The electronic clock helps staff members and blood donors to keep track of the time. Every donor needs to stay in canteen for 15 minutes before leaving.
The electronic clock helps staff members and blood donors to keep track of the time. Every donor needs to stay in canteen for 15 minutes before leaving.

Rachelle Allauigan decided to give blood to SBC for the first time on Oct. 31, 2015, at Milpitas Public Library. She explained that when her mother gave birth to her brother a few years ago, her mother received 10 liters of blood during the operation and survived because of the blood. Feeling thankful, Allauigan researched for places to donate blood online in order to do the same things to others.

“Look past through the needles and pain,” Allauigan said. “The reward of [donating blood] is much greater. You never know who’s out there in need.”

Rachelle Allauigan is donating blood in blood drive at Milpitas Public Library on Otc. 31. Allauigan decides to donate blood blood for the first time when her mother received blood and survived four years ago.
Rachelle Allauigan is donating blood in blood drive at Milpitas Public Library on Otc. 31. Allauigan decides to donate blood blood for the first time when her mother received blood and survived four years ago.

Although the overall amount of blood taken from each donor is greater than that of a usual blood check, Allauigan says that the feeling of the needles is no more than vaccinations and regular blood checks. Some of the donors treat giving blood as an opportunity to challenge themselves when they are originally afraid of needles. Mark Schmidt, who is one of those donors, overcame his fear of needles by donating blood after four times of blood donation.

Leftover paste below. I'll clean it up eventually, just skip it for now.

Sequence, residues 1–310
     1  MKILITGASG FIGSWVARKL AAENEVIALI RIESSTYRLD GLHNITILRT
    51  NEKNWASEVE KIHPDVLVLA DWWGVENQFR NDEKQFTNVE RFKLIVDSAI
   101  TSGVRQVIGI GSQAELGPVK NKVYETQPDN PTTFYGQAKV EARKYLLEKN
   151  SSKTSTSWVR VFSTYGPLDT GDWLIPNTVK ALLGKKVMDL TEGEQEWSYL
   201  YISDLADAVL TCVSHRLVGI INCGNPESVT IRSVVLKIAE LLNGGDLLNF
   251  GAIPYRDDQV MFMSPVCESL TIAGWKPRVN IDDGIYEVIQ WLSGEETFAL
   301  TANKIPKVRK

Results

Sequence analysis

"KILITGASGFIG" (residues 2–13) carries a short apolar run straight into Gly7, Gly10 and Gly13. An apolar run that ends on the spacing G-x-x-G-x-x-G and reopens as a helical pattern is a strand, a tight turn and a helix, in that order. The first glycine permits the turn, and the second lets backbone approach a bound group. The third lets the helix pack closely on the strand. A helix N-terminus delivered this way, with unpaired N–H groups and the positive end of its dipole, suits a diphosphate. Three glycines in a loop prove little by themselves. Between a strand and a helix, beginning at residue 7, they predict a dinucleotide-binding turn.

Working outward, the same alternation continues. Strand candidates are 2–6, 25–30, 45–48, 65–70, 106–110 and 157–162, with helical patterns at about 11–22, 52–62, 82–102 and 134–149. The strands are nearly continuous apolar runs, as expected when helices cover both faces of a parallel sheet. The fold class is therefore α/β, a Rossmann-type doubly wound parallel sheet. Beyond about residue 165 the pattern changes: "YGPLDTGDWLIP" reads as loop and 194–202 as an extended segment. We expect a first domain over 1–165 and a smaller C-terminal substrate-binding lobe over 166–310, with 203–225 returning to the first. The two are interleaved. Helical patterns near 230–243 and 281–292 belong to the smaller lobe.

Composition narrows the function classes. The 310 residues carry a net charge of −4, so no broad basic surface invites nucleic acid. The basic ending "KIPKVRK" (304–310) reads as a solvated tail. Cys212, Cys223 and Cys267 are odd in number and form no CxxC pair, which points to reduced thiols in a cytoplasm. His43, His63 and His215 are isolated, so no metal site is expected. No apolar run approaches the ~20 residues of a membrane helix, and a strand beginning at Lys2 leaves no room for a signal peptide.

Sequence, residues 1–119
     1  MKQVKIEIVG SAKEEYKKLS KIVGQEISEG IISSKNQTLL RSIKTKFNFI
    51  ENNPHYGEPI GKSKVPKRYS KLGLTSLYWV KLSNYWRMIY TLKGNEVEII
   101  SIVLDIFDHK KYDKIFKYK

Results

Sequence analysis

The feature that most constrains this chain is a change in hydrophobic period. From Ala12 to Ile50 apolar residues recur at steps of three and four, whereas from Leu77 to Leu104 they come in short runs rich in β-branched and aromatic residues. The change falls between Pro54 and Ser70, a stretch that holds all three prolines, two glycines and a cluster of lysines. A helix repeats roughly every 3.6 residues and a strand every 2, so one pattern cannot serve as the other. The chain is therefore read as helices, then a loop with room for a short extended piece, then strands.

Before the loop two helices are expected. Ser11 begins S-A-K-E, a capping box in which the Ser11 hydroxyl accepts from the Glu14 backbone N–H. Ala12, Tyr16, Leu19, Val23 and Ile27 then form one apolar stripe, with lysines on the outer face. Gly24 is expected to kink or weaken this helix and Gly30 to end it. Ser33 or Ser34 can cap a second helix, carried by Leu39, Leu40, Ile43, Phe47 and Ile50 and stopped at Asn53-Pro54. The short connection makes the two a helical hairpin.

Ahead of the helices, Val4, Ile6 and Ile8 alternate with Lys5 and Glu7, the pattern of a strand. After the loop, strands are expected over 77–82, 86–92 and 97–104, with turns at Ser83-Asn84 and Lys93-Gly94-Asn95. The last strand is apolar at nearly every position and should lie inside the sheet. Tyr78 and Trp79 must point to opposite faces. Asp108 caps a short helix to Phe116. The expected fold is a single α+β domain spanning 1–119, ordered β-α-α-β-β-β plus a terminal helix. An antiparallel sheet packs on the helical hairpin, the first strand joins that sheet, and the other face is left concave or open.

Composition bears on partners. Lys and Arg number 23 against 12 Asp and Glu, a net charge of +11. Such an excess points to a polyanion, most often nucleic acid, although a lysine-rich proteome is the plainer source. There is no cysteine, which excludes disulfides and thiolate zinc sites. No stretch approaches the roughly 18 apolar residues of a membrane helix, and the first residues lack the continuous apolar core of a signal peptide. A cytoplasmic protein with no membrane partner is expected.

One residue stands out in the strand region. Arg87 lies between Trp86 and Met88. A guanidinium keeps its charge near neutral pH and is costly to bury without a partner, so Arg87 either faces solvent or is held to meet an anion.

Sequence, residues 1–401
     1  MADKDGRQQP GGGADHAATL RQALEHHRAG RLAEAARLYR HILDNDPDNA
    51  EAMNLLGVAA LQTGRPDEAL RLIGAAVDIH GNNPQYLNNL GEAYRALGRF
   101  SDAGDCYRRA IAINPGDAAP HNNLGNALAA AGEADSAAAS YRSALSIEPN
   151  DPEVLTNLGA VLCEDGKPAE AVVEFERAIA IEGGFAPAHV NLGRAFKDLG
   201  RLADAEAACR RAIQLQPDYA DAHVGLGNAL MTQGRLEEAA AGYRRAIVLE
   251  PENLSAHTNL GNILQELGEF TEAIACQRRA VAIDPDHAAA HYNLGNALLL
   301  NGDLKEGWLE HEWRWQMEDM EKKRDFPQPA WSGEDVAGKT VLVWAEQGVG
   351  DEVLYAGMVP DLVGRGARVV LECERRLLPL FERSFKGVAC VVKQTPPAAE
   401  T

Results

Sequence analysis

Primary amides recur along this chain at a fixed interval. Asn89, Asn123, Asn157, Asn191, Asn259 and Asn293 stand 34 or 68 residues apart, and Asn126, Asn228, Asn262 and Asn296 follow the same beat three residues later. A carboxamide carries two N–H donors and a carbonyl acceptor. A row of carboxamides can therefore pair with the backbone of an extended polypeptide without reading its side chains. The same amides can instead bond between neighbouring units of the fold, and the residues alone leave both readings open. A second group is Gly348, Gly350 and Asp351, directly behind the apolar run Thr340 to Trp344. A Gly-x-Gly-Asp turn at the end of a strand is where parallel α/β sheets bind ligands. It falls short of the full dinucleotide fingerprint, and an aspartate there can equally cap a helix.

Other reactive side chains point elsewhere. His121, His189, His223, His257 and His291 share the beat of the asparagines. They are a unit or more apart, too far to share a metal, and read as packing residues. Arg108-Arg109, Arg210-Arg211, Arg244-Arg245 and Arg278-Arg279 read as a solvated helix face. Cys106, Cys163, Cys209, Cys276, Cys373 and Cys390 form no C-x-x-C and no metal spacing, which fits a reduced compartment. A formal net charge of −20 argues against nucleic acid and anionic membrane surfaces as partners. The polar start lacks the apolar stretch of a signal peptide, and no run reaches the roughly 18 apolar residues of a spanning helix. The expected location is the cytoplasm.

“Don’t be afraid. It doesn’t hurt as much as you think,” Schmidt said, half jokingly. He added that he usually went back to work after he donated blood without feeling less energetic. It’s still normal for people to feel some extent of tiredness due to the blood loss and drop of blood sugar level, but the actual influences depend on individuals.

In some cases, students may not be able to give blood, because of height and weight or recent traveling destinations. Still, there are other ways to participate in the process of blood drives, such as being a volunteer.

Amulya Raju, a volunteer in SBC.
Amulya Raju, a volunteer in SBC.

Amulya Raju, a senior in Lynbrook high school, has volunteered in SBC for the past two years. She helped the donors settle down in the canteen area and instructed them to intake cookies and orange juice to replenish blood sugar level. Raju also observed the patients’ conditions to watch for reactions that resulted from blood loss. In her experiences with SBC, Raju met many interesting people, such as a man who celebrated his 300th donation in a center, a survivor from motorcycle accidents who was able to live because of donated blood, and a young lady who brought in her entire family for blood donation after her son’s heart surgery. Raju interacted with those people and witnessed the care from all the staff members toward those donors, which in Raju’s belief was a nice aspect of SBC blood drives.

Raju encouraged more students to participate in volunteering at SBC, as well as donating blood in blood drives.

“Of all the people donating blood, they always say it is the easiest way to give back.” Raju said.